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Welcome to the Kamloops Interfaith History Project! I hope you've enjoyed what you've seen so far. On this page you will find more information about the project - including how you might help!


What is the Kamloops Interfaith History Project?

The Kamloops Interfaith History Project is an effort to compile in one place (and comment on) the historical highlights of:

  1. Buildings and sites in Kamloops that were or are used for religious or spiritual purposes.

  2. The founding, life, movements, merging, and occasional disbanding of faith groups and communities in and around Kamloops.


This will always be a slowly ongoing project. As more is learned, more is added and updated.


Who started and maintains this project?

My name is Andrew Lamb. I started this project out of personal interest. I moved to Kamloops as a kid in 1993 and was raised here. I grew up in a religious family, and have always been a member of The Church of Jesus Christ of Latter-day Saints. Professionally, I work as an SEO specialist and website manager for a local tech company called SilverServers.


I regularly meet and plan with a group of interested volunteers. We work together to keep this site maintained.



This seems like the right place to acknowledge all the help the project receives.


[acknowledge help here]


Underlying every data point is the reality that all of these buildings and faith communities exist on the traditional and unceded territory of the Secwepemc Nation.


When was the project started?

Around 2018 I started keeping casual notes on local religious buildings I was interested in. My efforts to find information and move the project forward truly began in 2022.


Where is the information found?

The project typically approaches each building or group in multiple phases:

  1. Visit the website of the group. Make notes from information available there.

  2. Connect with the faith group leaders or members who know more about their building and/or group. Tour the building, if appropriate/applicable.

  3. Research using historical research resources like the Kamloops Museum.


You will find source notes at the bottom of each page.


How can I help?

Your assistance is welcome! Please reach out in any of these cases:

-You notice an incorrect piece of information on the website and can help correct it.

-You’re aware of information that’s missing from the website.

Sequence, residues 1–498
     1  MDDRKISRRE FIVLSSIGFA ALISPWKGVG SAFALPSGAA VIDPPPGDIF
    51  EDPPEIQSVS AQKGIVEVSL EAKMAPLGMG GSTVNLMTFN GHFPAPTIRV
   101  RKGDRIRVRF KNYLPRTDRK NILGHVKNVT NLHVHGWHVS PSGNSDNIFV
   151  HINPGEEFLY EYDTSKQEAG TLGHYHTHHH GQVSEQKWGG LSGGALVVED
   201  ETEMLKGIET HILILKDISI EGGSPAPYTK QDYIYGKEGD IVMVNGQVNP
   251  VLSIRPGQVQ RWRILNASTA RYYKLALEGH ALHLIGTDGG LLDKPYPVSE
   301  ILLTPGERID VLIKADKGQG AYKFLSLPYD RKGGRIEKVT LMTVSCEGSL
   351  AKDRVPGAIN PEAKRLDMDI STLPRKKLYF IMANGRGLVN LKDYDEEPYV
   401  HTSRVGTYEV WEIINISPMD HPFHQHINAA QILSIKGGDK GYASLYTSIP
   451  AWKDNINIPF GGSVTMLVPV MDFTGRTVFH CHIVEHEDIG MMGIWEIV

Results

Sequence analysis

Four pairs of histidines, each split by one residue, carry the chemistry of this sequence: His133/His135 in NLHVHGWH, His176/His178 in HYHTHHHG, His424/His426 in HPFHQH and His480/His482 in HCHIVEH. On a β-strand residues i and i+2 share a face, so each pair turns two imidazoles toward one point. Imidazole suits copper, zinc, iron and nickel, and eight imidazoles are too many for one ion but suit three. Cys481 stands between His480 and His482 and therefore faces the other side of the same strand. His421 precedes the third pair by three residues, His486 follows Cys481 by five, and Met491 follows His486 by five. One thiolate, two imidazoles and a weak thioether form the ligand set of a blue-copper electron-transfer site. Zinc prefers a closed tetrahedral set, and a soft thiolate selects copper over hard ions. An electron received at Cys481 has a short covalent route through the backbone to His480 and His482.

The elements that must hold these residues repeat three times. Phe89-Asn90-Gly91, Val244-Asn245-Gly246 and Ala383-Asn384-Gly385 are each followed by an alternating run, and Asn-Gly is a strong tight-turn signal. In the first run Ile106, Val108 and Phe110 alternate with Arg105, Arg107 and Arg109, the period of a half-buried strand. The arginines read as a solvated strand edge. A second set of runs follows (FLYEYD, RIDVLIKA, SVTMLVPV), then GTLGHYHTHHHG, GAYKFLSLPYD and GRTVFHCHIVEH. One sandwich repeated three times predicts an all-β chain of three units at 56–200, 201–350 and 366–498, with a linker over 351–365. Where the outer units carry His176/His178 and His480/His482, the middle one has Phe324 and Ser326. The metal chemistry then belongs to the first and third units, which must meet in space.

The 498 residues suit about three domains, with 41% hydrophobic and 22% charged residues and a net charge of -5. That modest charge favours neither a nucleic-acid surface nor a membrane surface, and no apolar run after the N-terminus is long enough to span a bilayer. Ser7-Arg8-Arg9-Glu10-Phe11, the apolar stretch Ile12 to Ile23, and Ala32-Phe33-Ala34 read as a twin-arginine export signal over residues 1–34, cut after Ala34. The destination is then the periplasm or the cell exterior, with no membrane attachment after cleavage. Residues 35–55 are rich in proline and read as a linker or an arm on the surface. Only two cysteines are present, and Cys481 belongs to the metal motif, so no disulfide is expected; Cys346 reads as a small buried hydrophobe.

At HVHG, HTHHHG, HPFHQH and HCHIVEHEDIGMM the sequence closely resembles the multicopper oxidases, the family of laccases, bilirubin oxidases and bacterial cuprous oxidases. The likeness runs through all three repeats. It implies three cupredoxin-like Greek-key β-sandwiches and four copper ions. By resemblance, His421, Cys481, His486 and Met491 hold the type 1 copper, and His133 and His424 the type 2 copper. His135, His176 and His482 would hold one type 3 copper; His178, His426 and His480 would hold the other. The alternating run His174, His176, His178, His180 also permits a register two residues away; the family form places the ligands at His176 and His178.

-You want to volunteer to help with a particular phase of information-gathering.

-Donate! We're all volunteers who don't profit from this project. However, maintaining this website is only made possible by donations. We're incredibly grateful for every donor.


We are excited to hear from you, but please don't be surprised if it takes some time for us to respond. We're a small team of volunteers maintaining this project at the slow pace that our lives allow.


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Why do you do this project?

There’s a story to that. One day I’ll write the details in the blog. For the purposes of this page, I’ll share the condensed version:


As a Christian who found faith in God by reading The Book of Mormon - a book that not many of my fellow Christians accept - I often feel unusually and anxiously passionate about sharing and explaining my faith and my story. Through a series of events, God helped me realize that I’m not the only person who wants to share their faith. He turned much of my passion into a desire to hear and understand the stories of faith others may carry within their hearts.


As I explored that desire to hear the stories of others, and tried to determine what to do with it, I found an interest in the places of worship established by people of faith. My daily responsibilities make it tough to get out and experience these places of worship as often as I would like, so I began mostly gathering information available online.


As my collection of information grew, I found that nearly every person of faith I talked to was interested in what I was learning. I decided to turn that information into a website and find a way to turn my personal interest into a way for people of faith to interact and build interfaith relationships, or, at least, relationships with people of faith outside of their own congregation.


I believe that all people of faith are part of God’s plan for mankind, and each individual and group has some aspect of God’s love to bring to the table. My hope is that this history website may provide an opportunity for all people of faith to see at least a little more of what God is doing for Kamloops.

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